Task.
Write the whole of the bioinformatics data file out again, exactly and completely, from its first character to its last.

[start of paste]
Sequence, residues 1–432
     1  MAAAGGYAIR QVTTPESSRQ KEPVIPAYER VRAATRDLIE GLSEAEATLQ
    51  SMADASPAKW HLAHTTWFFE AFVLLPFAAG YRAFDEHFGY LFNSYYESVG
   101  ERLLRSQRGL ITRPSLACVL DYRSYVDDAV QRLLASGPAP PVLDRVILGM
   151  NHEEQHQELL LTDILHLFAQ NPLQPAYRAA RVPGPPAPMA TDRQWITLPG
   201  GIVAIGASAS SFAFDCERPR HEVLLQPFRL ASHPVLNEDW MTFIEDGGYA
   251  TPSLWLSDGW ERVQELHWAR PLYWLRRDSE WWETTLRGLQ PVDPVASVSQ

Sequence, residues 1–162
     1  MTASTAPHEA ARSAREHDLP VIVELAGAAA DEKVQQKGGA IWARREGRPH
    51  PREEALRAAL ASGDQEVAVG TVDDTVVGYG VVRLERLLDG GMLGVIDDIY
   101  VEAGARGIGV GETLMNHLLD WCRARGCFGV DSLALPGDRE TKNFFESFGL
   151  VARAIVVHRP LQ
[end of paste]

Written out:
Sequence, residues 1–432
     1  MAAAGGYAIR QVTTPESSRQ KEPVIPAYER VRAATRDLIE GLSEAEATLQ
    51  SMADASPAKW HLAHTTWFFE AFVLLPFAAG YRAFDEHFGY LFNSYYESVG
   101  ERLLRSQRGL ITRPSLACVL DYRSYVDDAV QRLLASGPAP PVLDRVILGM
   151  NHEEQHQELL LTDILHLFAQ NPLQPAYRAA RVPGPPAPMA TDRQWITLPG
   201  GIVAIGASAS SFAFDCERPR HEVLLQPFRL ASHPVLNEDW MTFIEDGGYA
   251  TPSLWLSDGW ERVQELHWAR PLYWLRRDSE WWETTLRGLQ PVDPVASVSQ

Sequence, residues 1–162
     1  MTASTAPHEA ARSAREHDLP VIVELAGAAA DEKVQQKGGA IWARREGRPH
    51  PREEALRAAL ASGDQEVAVG TVDDTVVGYG VVRLERLLDG GMLGVIDDIY
   101  VEAGARGIGV GETLMNHLLD WCRARGCFGV DSLALPGDRE TKNFFESFGL
   151  VARAIVVHRP LQ